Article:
Little England settlers booted out

Augustine Mukaro

THE government has started to evict settlers from the controversial Little England Farm to pave way for people from State House and Murombedzi communal lands.



face=”Verdana, Arial, Helvetica, sans-serif”>Court documents show that about 430 settlers on the farm have been served with summons requiring them to leave the farm to make room for 51 families that were allocated the same farm.


The intended new settlers have given “State House” and Murombedzi as their addresses. State House is the official residence of President Robert Mugabe.


The documents served on the settlers show that Special Affairs minister in the President’s Office responsible for Lands, Land Reform and Resettlement, John Nkomo, wants them to leave. Nkomo is seeking a court order to evict the settlers who invaded Little England farm in 2000.

However, settlers have filed opposing papers. The settlers last October secured a High Court order interdicting government from evicting them until such a time as they were properly resettled.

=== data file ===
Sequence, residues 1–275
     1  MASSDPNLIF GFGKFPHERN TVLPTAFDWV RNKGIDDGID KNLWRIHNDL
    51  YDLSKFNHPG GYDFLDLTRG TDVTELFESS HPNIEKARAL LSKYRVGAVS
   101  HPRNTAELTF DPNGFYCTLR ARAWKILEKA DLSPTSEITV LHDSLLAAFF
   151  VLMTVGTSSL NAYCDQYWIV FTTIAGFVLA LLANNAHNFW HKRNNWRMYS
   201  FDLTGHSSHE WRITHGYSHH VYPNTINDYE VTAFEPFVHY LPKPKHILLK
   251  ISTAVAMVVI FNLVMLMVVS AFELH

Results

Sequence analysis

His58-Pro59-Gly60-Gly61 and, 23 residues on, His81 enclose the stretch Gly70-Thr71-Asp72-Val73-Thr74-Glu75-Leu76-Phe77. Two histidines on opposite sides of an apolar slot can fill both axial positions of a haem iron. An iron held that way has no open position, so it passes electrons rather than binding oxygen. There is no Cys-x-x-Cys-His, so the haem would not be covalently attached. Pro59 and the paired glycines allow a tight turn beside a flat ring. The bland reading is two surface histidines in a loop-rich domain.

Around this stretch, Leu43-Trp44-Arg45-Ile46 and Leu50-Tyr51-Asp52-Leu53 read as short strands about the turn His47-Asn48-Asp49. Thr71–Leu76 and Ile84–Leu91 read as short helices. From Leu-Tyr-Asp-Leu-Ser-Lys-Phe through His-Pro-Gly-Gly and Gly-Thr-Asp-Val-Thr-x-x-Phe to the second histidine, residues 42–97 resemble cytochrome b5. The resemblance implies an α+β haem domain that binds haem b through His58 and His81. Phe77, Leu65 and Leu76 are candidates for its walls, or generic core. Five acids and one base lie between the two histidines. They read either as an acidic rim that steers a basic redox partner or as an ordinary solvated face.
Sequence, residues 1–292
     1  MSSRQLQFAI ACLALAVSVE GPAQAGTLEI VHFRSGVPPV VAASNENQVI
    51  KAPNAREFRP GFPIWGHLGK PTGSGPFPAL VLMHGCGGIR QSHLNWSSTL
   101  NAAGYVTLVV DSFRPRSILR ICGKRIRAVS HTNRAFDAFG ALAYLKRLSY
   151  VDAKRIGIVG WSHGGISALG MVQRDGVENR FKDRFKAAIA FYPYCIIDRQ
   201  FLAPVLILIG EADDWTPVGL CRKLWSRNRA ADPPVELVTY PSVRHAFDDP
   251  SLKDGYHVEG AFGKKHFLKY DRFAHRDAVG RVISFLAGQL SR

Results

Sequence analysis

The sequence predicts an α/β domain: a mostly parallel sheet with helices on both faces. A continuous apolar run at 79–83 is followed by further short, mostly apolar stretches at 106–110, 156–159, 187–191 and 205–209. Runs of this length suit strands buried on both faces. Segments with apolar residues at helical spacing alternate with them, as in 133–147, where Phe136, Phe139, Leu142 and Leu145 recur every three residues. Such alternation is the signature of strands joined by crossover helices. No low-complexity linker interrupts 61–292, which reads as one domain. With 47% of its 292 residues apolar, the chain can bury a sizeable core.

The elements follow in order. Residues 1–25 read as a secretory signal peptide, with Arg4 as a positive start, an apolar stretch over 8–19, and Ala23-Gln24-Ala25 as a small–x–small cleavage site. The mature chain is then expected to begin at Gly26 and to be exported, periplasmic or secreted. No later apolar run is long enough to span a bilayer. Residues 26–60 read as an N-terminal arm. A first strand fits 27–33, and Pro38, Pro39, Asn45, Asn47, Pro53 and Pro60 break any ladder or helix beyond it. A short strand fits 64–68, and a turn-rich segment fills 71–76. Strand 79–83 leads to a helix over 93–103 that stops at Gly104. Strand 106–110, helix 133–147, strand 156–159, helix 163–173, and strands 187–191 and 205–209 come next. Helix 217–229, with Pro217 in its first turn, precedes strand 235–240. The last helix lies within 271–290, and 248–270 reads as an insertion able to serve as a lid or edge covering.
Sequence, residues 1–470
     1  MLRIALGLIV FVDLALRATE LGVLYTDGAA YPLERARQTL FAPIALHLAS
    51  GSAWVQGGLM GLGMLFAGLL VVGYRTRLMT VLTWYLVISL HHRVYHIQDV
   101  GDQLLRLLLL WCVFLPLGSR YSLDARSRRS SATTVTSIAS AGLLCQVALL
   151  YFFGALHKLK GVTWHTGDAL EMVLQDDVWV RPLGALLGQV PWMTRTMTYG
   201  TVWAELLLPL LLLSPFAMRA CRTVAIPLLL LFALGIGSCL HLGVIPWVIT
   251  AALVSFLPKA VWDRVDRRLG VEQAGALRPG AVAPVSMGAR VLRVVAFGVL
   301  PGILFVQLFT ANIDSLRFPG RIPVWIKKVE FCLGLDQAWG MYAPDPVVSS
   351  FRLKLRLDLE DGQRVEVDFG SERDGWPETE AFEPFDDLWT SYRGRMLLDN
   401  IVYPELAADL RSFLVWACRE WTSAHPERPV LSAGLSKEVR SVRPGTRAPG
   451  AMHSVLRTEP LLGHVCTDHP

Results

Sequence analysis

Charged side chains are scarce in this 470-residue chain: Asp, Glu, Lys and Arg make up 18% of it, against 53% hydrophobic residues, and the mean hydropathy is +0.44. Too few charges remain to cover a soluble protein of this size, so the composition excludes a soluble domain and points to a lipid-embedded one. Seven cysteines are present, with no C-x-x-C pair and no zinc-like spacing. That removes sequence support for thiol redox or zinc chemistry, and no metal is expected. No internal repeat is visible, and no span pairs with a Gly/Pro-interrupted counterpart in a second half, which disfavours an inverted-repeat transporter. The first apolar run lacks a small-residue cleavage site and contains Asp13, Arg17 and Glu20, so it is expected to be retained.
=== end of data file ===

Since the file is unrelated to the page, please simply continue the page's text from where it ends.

But Nkomo has renewed government attempts to get them off the farm.

“The defendant (Freddy Munjoma who is the leader of the settlers) is not protected by the Rural Land Occupiers Act by virtue of occupying the farm after March 1, 2001,” Nkomo’s application says.


The summons claims that the farm was designated for resettlement on the A2 model. However, Little England has been occupied by A1 settlers since the inception of the often-chaotic land reform exercise five years ago.


“The farm is designated for the A2 model where it will be divided into 51 plots,” the summons said, adding that “the plaintiff (Nkomo) has already identified suitable people to occupy the plots from the waiting list.”


Nkomo provided two annexures as lists of the people identified to occupy Little England. The addresses for the new occupiers have been given as State House and Murombedzi.


Little England, Inkomo Farm and six others near Darwendale became a centre of controversy in October when police set ablaze settlers homes and forced the new farmers to leave so that the farm could be reallocated to A2 farmers.


The families had lived at the farm for the past five years, when farm invasions started. The displaced families ended up staying on the roadside and in disused tobacco barns.


The settlers accused government of cheating and abusing poor peasants in farm invasions only for the farms to be handed over to a select few.


Government had encouraged the settlers to invade the farms even though they did not have offer letters.


During evictions of the new farmers police have been demanding to see offer letters which the settlers do not have.